within a small continent such as Europe.

2- Start Making New Friends Early
Making new friends is energy draining especially when you’ve just set foot in your new host
country and you’re already stressed about finding a place, opening another bank account,
registering at the doctor’s, getting a local phone number and subscription. And while all of

this is going on, you might also have work obligations and family and friends at home to
send updates to. But it’s important that you make time to get to know new people in your
new host location. If you’ve moved more than three or four times, you may start wondering
what the point of making good friends is if you’re going to move once again in the next six or
twelve months. Believe me, I had this thought as well and when I decided to test this theory
and put it into practice, it turned out to be a very bad idea. I definitely shouldn’t have doubted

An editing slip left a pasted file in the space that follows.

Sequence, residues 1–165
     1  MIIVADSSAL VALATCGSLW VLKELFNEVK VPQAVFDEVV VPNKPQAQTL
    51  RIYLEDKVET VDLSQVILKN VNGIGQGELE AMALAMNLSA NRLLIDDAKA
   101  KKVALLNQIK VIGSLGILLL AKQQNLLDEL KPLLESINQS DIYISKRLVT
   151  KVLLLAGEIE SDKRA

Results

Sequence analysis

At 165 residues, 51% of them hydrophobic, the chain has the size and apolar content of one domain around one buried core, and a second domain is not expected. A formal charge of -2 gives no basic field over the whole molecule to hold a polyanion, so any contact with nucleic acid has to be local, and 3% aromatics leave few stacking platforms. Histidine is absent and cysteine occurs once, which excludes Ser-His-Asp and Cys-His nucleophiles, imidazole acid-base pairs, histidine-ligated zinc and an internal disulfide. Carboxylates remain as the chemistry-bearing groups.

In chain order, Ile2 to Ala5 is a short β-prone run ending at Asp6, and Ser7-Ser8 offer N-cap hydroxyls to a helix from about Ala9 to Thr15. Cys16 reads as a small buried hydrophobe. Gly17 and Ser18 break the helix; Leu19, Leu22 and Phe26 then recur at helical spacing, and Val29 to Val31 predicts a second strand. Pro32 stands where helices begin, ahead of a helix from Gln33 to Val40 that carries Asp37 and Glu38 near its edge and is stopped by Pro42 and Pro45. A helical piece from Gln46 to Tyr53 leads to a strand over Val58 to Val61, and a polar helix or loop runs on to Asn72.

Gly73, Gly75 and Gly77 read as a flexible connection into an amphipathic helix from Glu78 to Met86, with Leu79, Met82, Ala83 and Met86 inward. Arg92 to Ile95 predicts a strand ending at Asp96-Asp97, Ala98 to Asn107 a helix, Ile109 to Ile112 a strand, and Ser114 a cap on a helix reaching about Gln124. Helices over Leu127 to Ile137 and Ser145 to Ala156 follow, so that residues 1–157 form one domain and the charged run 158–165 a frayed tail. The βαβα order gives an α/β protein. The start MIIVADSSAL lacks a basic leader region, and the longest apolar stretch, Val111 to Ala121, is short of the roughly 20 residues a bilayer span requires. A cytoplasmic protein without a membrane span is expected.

the great Greek philosopher Aristotle’s famous quote, “man is by nature a social animal”.
And even if thanks to technology it’s easy to talk to a trusted friend in another hemisphere,
it’s always good to meet someone in person, talk over a walk, or share a meal with them.
Remember too that people back home won’t be able to relate to your new life abroad as
much as someone who is having a similar experience.
If you are not a student and you feel you’re lacking opportunities to meet up with new
fellows, start connecting with international people on Facebook or Couchsurfing groups or on
Meetup. Internations is also a good way to get in touch with like-minded people.
If you are relocating to another place alone and feel you might miss being around people,
consider sharing an apartment before you find a place all for yourself.

3 – Find Ways To Practice The Language
Depending on where you decide to start your new life, learning the local language can be
more or less vital to your survival in the new host country. If you’ve already planned your
next move, you’ve probably done some research by now and have a rather good idea of
what awaits you.
Keep in mind that “if you talk to a man in a language he understands, that goes to his head.